We are very excited by the progress of the children undergoing drug rehabiliation with S.A.L.V.E. We now have children who have successfully completed the programme and are home, drug free and back in school. We believe this is a very important part of our work as it proves that all children have the potential to leave the streets with the right, specilised support.

12: Business training and support for struggling families

We have worked with the most struggling families of children to help ensure that they can care for their children through small business enterprise training and start up.

We started 15 more businesses with families and youth this year with another 7 about to begin. Our mentoring visits show us that these families are investing the money they earn in healthcare, food, better shelter and school fees for their families. This will help to ensure that less children need to run away to the streets in the future.

13: Raising more from our Peak District Challenge event

In 2018, we were pleased to have our largest number of entrants to date (over 400 people) sign up to take on a Peak District Challenge! Huge thanks goes to everyone who took part or volunteered to help us to raise more than £15,000 to help us to support even more children to leave the streets.

14: Permaculture learning

We believe that permaculture and organic farming are important skills for street-connected children and their families to learn. In 2018, we were able to keep developing our demonstration farm and classes at the S.A.L.V.E. land, so that everyone who visits us can learn these vital skills and see them put into practice. This includes things like sack and plastic bottle gardens, animal rearing, companion planting and soil enrichment.

We were also able to start a new programme of sharing these skills within family homes. 11 children and their families have benifited from an individualised programme of support to establish a permaculture garden at home so far.

15: More children getting an education with S.A.L.V.E.’s support

We are supporting 104 children into education at the start of 2019, which is the most children we have ever had in school at one time under S.A.L.V.E.’s support!

We really appreciate all our sponsors for their generosity to ensure these children are able to go to school and have a brighter future through education.


16: Our graduates inspiring more children that they can make it

There is nothing more encouraging than seeing someone who has had a similar background, and with similar struggles to yourself, be able to make it. We are now seeing some of the children in our education programme graduate their courses and go on to get jobs or start businesses of their own. It’s especially brilliant how many of them are choosing to support their families and other children who are out of school to be able to get an education with their hard earned money.

Here is a short video about Michael and how he was able to go from the streets to success as a mechanic with the support of S.A.L.V.E. and his sponsor.

17: Growing our briquette social enterprise

We appreciate the donation of additional machinery for our social enterprise in Ugandain 2018, so we have been able to expand our production of environmentally friendly cooking fuel (briquettes).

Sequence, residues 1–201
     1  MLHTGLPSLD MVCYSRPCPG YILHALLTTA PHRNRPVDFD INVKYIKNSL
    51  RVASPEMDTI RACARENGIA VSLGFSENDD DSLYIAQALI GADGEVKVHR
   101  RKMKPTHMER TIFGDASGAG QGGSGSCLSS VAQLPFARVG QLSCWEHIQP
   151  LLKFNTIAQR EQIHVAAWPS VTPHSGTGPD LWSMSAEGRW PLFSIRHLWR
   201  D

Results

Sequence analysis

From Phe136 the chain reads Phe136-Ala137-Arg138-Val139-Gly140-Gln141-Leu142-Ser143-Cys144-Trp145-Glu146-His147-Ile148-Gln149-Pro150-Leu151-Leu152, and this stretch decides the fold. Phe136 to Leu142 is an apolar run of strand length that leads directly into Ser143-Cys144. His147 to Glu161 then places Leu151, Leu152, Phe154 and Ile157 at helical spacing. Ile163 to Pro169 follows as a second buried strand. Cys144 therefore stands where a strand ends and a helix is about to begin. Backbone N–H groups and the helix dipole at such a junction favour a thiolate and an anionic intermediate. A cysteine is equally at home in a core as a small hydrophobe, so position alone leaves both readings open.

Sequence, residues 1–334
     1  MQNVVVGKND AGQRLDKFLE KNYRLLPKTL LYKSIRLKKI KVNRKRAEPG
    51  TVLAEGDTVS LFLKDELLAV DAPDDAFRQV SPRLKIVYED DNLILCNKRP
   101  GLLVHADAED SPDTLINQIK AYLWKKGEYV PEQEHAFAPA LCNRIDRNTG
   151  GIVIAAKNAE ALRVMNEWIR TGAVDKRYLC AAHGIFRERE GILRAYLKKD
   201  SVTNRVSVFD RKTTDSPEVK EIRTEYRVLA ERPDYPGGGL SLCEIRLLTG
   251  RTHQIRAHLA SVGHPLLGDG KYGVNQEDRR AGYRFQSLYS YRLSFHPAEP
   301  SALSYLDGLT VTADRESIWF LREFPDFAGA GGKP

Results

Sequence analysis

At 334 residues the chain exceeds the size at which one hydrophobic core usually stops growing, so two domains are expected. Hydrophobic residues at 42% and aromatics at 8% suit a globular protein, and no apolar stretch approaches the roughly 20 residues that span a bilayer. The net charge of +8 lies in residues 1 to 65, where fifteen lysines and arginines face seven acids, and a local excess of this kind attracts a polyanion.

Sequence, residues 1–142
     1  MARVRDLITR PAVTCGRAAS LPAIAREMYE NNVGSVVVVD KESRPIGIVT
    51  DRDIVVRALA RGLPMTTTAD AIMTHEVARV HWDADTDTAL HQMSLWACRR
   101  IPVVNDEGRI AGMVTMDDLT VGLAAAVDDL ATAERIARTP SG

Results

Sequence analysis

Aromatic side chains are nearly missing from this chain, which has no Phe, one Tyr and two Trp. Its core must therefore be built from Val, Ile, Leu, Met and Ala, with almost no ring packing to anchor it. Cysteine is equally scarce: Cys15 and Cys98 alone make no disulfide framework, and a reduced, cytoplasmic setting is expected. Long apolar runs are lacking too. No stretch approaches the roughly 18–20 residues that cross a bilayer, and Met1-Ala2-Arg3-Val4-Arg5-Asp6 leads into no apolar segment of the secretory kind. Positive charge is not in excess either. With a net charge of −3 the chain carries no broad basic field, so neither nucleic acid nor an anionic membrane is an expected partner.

This helps to teach young people over the age of 14 vocational skills, benefits the environment and is also helping to raise funds for S.A.L.V.E. in Uganda.

Please consider supporting this project today, by linking us with others who do cooking in and around Jinja. The more briquettes we sell, the more children we can help to leave the streets.

18: Developing plans for the future

All our future plans depend on our ability to raise funds, which is not easy right now, and therefore cannot happen straight away. With that in mind, these are the key areas we would like to focus our work over the next 1-5 years:

Families: We want to do more to build the strength of families and their relationship with their children. S.A.L.V.E. wants to support families to develop themselves through ideas such as: parenting classes, more family counselling, more research with parents, more specific skills training workshops for parents to help them to do more income generation etc. We want to help families to be able to succeed and to be responsible for their children.

Expanding the number of people we support: We are proud of our work as S.A.L.V.E. to help so many children to successfully leave the streets, and to return to education. We want to grow our services so that more children living on the streets are able to benefit and to also get a brighter future, while maintaining, and where possible improving, the quality of service that we are able to give.

Offering more support to girls on the streets: Many of the girls who are on the streets are hidden and work and live on the streets in a different way to the boys. We want to do more to reach these girls and make sure they are also getting a chance to have a brighter future. We think girls are especially vulnerable while on the streets and thus want to make them a bigger focus of our work, while still offering services to boys as we have been doing.

Increased funding: Across the world prices for key items such as food, housing, healthcare, school fees and transport are increasing. This puts a lot of pressure on an organisation as it makes it harder for people to afford to give at the same time as you need more funds. Then there is also the need to grow and develop the organisation, which calls for additional funds beyond those you needed before. So we are going to do more research and try to see how we can improve our fundraising to meet the need, though we recognise this isn’t easy.

Webale nyo

None of these achievements would have been possible without our incredible supportive global family. The people who share their time, expertise and resources to help us to make our vision of “no street called home” a reality. So our huge thanks and appreciation go to everyone who has helped us in 2018.

We have achieved a lot but there is still more to be done. There are more than 600 children living and working on the streets of Jinja still. So please do consider getting involved in 2019 (and beyond) if you are able.

Together we can ensure children living on the streets get an opportunity to build a brighter future!